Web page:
Most "poorly thrown" passes are overthrows, but as we see here, the longer the pass, the more likely it is to be over- or underthrown, and the less likely it is to be thrown ahead/behind. That's basically the nature of the pass itself. Most over- or underthrown passes are going to involve a receiver running vertically and are therefore probably going to be longer balls. Passes thrown ahead or behind the receiver are likely to involve a receiver running horizontally or diagonally at a shorter distance
As it pertains to Five Factors, the relationship between interceptions, passes broken up, and simple incompletions is vital. If we want to figure out the difference between execution and luck, we need to be able to project the expected number of interceptions as accurately as possible.
I found this data particularly interesting for that reason.
|Reason for INC/INT||INC||INT||Total||%INT|
|Tipped at Line||190||9||199||5%|
|Out of Bounds||168||0||169||0%|
|Illegal Contact / Pass Interference||155||4||159||3%|
|Miscommunication / WR Error||97||18||115||16%|
Again, put aside for a moment the idea of the "PBU." Charting data suggests that certain types of incomplete passes are more likely to become interceptions than others, namely "Defensed" passes (which, as used by charters, simply means the defender breaking on an otherwise accurate ball), underthrown passes, passes thrown behind a receiver, passes in which the QB is hit as he throws, and passes that involve miscommunication or receiver error (like falling down). Overthrowing your target or throwing ahead of him is pretty common and relatively safe, but when you underthrow or throw behind him, defenders are more likely to be in the vicinity.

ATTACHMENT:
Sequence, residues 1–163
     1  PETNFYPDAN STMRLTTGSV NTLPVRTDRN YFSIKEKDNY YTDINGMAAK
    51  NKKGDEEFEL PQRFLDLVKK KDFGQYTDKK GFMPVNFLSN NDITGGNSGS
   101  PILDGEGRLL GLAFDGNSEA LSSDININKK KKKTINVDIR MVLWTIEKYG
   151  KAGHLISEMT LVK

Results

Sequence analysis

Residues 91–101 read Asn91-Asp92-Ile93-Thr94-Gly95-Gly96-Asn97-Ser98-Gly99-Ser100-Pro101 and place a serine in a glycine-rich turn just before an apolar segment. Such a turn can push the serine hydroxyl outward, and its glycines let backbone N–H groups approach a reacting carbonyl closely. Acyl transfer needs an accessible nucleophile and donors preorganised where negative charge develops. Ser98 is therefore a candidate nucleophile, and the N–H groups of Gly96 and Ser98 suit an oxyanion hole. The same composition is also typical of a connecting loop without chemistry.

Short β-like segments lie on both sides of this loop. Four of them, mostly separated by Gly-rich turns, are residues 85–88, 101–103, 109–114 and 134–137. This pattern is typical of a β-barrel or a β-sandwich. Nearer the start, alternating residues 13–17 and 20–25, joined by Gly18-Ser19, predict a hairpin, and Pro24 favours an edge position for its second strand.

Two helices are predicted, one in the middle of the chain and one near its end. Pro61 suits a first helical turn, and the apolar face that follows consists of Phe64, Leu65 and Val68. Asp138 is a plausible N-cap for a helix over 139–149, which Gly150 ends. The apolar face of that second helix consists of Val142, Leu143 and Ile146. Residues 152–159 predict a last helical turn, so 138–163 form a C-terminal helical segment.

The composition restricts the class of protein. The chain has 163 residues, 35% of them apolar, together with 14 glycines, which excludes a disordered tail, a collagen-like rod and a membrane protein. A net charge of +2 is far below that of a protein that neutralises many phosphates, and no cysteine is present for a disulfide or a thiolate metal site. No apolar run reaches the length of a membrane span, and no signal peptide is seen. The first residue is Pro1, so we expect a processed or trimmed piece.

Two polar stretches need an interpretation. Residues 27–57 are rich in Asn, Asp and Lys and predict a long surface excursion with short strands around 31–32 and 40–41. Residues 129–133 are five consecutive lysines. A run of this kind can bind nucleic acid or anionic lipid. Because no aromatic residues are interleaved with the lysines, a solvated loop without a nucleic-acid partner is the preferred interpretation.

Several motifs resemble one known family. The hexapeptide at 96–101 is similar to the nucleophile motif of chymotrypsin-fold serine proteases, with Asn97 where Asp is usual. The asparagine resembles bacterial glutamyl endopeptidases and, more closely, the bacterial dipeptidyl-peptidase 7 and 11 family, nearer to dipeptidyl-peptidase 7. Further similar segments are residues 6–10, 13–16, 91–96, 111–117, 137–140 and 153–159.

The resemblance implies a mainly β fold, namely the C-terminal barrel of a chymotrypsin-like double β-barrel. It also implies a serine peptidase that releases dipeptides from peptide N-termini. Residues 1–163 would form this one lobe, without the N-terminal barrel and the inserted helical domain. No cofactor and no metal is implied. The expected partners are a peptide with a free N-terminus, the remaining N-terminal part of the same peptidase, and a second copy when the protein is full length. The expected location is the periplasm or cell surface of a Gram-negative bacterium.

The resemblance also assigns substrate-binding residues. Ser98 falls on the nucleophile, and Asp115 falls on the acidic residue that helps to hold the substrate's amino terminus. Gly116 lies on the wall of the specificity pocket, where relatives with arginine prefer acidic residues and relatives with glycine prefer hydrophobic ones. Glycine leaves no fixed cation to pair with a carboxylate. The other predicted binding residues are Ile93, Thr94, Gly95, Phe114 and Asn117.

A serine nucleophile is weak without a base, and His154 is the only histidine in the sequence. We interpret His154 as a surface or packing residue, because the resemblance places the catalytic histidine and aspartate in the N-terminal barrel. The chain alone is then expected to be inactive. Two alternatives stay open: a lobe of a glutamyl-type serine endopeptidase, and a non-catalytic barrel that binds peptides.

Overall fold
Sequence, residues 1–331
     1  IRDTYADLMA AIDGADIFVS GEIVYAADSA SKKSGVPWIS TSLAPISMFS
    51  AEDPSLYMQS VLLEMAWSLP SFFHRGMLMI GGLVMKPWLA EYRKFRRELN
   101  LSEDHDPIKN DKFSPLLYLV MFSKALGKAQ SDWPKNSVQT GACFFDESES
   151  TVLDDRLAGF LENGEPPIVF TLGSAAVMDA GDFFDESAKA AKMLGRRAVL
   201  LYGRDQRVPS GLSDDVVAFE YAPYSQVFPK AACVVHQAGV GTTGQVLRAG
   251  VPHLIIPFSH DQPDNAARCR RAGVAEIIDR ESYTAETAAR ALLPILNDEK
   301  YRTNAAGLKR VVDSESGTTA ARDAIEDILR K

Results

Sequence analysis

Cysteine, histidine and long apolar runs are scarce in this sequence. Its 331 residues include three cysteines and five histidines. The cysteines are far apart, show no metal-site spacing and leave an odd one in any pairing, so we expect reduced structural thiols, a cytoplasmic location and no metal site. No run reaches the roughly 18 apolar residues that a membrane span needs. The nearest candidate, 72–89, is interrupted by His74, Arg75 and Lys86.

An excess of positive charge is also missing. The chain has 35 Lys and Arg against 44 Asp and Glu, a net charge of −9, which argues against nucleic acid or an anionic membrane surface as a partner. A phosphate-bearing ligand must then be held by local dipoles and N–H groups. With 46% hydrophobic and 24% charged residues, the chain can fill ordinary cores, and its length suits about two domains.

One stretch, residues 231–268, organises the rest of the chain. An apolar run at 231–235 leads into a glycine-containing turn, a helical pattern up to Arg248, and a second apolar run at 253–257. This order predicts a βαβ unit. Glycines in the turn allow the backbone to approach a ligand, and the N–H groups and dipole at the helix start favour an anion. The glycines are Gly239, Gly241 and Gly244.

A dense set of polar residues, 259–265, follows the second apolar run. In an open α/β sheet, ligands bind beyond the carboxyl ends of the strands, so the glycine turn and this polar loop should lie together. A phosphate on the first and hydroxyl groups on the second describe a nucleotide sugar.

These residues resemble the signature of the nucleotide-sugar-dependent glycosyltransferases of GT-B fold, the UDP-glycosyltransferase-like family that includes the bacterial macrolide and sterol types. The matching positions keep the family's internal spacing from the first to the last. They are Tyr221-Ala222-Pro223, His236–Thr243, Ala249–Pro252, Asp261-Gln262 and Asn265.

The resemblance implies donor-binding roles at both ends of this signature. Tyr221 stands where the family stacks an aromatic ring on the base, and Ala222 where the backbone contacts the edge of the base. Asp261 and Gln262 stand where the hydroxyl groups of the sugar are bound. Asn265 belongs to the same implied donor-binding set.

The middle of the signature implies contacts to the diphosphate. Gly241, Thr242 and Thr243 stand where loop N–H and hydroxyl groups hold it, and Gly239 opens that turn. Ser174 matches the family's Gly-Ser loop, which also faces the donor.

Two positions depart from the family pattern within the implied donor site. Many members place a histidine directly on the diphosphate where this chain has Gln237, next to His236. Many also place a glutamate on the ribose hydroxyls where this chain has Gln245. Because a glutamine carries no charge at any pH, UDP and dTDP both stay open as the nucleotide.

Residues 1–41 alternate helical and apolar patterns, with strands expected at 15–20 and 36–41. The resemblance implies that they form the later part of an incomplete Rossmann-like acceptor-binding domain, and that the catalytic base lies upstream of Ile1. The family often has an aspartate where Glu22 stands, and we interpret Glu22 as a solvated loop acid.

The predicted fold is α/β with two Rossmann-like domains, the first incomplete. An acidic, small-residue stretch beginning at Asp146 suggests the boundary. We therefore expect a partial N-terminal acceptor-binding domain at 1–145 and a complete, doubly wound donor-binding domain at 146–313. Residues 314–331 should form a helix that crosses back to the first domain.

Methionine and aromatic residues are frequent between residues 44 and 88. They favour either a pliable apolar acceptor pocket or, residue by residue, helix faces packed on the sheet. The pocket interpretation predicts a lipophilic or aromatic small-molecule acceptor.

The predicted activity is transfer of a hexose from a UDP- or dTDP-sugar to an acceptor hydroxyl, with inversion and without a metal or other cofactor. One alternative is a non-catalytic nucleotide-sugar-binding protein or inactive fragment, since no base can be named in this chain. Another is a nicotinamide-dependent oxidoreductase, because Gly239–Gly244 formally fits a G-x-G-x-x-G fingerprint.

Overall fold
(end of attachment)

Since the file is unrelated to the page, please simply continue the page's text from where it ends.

(One other interesting thing to note here: passes that are tipped at the line are very rarely intercepted.)
So are there certain distances at which what we'll "dangerous" throws are more likely to take place?
(You like the dark, dreary color scheme here for dangerous passes? I thought so.)
Longer passes are more likely to fall incomplete, but shorter incomplete passes are perhaps more likely to be intercepted, if that makes sense.
More soon ... hopefully.